Back in 2006, I took my first tentative steps towards a life in travel by working as an island manager for Laskarina on the tiny, unspoilt island of Tilos, just off Rhodes. That beautiful, sun-soaked summer was the first time I realised it was possible to build a life away from the traditional nine to five.
At the end of 2017, I returned to Rhodes thanks to my friends at Nissia Holidays (who took over from Laskarina in the Rhodes area) who I’d been writing for throughout the year. They found me a wonderful place to rent, five minutes walk from the medieval Old Town of Rhodes. And I settled in for 3.5 months.
I loved having a place to call home (so much so, I’m returning for a few months at the start of Feb). I had a spare room so friends and family could visit, and I explored Rhodes and took daytrips to nearby Symi and back to Tilos, which still holds a place in my heart.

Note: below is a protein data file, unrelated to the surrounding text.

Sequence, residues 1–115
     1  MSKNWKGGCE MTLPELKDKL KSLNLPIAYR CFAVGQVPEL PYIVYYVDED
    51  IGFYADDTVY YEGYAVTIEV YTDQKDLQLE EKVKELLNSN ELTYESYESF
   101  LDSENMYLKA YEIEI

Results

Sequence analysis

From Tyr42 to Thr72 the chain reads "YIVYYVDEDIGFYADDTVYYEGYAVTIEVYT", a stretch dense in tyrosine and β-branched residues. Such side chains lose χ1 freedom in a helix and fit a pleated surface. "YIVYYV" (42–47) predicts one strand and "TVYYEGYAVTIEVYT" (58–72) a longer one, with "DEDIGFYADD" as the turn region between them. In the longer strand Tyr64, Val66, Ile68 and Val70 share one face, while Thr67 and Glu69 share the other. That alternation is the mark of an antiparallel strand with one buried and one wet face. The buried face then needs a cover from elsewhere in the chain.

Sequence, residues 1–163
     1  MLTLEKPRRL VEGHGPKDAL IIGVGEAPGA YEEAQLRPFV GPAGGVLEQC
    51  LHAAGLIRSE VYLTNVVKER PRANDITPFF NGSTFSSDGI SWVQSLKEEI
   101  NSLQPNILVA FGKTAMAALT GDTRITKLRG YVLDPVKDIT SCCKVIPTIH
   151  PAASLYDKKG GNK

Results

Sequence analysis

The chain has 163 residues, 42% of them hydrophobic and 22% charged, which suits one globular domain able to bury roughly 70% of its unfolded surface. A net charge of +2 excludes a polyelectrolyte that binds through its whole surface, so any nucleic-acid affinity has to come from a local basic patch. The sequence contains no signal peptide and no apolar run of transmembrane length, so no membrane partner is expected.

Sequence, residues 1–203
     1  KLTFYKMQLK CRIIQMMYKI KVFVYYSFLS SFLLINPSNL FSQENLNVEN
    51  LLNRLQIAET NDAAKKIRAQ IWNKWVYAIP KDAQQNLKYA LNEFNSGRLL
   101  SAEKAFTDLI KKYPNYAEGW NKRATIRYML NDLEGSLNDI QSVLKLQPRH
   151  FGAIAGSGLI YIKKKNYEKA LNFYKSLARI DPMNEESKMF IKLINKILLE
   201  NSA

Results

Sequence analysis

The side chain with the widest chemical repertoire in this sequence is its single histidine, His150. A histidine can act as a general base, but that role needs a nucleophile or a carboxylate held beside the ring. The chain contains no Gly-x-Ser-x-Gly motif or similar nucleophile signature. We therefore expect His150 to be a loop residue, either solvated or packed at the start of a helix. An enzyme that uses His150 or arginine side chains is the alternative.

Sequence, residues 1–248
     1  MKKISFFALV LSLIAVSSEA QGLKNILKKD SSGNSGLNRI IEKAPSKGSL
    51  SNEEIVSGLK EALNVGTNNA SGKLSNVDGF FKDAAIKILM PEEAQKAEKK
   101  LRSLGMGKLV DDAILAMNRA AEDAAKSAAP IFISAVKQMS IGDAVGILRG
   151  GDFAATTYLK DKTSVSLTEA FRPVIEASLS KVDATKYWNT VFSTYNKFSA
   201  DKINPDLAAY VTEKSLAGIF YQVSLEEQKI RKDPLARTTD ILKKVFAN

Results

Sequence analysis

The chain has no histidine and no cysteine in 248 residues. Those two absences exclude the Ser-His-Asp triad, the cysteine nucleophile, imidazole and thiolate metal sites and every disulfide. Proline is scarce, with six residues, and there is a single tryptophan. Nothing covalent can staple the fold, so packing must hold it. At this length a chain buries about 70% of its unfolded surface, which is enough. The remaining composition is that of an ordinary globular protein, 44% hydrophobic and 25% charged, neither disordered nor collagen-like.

I also had a long weekend in Halki, courtesy of Nissia Holidays, where I spent my mornings swimming in the harbour (once with a curious kingfisher flying around my head) and sunbathing, before doing a little work then slipping out to explore.
I also ate a lot of wonderful Greek food, and had a few productive months of work before heading back to the UK for Christmas.
And that’s what I got up to in 2017.
Last January, I set myself a long, ambitious list of goals for the year. So how did I get on?
Yes, in 2017 I had my first trip to Israel, spent three months in Gozo, Malta, and visited Bulgaria.
The thought of a solo trip to Israel was definitely challenging for me, but the reality was much easier than I expected. I’m lucky to have wonderful friends who live in Tel Aviv and I was in Jerusalem as part of a conference, but I spent some time exploring on my own and found it a perfectly safe and utterly wonderful country.